The Eurobike award winning CLUG is the world’s smallest bike rack. Working seemlessly with your floor to store your bike, CLUG is used to store your bike either vertically or horizontally.
For the last few months I’ve been using a vinyl coated hook screwed into the wall to hold my front wheel and store my bike vertically like the first image in the graphic above. It wasn’t great though as the wheel had a tendency to tilt to one side making me nervous about it possibly falling over. In fact I haven’t used it at all since I got my new bike.
A while ago I saw an ad on Facebook for a better option. One of the comments slagged it off saying it was a rip off of the Hornit CLUG and it definitely looked like a solution for my situation. I bought it direct from the website for £14.99 but see it for sale now on Wiggle and other sites from £11.99.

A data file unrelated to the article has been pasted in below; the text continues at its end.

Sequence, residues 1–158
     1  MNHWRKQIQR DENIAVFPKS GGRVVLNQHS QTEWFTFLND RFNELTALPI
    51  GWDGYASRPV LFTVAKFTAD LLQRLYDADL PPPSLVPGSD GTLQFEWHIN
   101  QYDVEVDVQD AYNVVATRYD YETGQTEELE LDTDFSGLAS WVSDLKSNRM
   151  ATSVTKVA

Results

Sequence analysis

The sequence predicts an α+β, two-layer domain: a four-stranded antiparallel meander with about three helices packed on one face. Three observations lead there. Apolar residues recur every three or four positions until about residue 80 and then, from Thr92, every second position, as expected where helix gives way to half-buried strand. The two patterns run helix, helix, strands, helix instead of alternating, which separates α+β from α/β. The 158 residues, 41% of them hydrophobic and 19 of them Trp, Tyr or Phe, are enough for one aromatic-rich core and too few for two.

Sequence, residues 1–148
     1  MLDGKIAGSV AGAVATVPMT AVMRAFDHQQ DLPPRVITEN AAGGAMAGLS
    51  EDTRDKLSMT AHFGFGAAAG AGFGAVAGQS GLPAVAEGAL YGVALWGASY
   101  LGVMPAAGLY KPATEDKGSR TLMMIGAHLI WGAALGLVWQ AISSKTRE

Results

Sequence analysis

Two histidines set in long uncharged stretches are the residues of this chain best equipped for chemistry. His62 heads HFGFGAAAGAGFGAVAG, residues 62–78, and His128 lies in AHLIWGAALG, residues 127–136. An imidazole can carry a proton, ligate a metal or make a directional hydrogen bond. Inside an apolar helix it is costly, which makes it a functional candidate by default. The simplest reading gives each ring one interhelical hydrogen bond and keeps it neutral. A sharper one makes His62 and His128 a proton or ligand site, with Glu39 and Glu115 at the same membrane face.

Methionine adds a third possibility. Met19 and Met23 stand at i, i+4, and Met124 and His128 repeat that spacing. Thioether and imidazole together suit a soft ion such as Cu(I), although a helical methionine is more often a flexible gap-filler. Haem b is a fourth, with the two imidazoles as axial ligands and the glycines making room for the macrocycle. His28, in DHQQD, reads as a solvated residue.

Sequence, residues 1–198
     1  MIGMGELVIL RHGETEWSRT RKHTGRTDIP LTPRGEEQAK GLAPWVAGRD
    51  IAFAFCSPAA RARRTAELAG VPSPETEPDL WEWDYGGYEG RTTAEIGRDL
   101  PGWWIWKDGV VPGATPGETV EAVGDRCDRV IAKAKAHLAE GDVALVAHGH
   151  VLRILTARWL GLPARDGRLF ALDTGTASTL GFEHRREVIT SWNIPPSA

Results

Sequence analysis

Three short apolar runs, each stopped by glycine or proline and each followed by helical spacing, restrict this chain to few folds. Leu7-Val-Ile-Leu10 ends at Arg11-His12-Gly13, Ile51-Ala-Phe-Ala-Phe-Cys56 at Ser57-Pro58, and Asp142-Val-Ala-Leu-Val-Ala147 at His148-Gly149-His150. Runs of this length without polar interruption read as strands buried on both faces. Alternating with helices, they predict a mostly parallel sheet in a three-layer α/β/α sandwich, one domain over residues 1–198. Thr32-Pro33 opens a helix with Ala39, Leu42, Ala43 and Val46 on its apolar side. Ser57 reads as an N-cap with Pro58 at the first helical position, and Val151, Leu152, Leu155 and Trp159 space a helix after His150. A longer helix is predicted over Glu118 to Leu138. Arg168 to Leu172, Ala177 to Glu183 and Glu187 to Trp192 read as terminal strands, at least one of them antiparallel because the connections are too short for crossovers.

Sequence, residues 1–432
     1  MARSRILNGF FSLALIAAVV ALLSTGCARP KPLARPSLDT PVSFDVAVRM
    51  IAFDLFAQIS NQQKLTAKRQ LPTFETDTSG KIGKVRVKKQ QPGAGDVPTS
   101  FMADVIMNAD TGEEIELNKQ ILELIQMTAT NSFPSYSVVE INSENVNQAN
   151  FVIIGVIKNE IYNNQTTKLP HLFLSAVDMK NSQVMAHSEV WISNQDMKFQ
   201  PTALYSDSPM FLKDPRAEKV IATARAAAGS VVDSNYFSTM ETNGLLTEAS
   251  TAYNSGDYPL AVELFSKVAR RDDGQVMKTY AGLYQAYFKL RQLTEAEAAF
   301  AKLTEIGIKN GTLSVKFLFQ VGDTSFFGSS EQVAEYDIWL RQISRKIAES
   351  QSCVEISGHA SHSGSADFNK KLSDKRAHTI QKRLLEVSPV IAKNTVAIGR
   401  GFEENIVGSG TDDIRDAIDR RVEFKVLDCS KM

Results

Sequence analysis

CLUG comes in a range of different colours and 5 different sizes depending on the width of your tyres and therefore your bike type. It was a roadie for me and plain black on black.
Installation is pretty simple. The box has an integrated template to line up with your tyre and mark the wall. I was using a block wall so had to drill and use the provided rawl plugs.
The holder comes in two parts. The outside collar screws to the wall and the inner clip, that holds the wheel, clicks in to it.
Shane Millar has a YouTube video if you want to see one being installed.
Overall it is very simple, tidy and most importantly, very effective 👍
Value: 10/10 especially if bought at £11.99! It’s well made, well packaged and holds your expensive bike safely and securely.
Durability: 9/10 but only because I’ve only just started using it. Materials seem well made and robust. No cracking during installation and hard to see how it could break or wear out.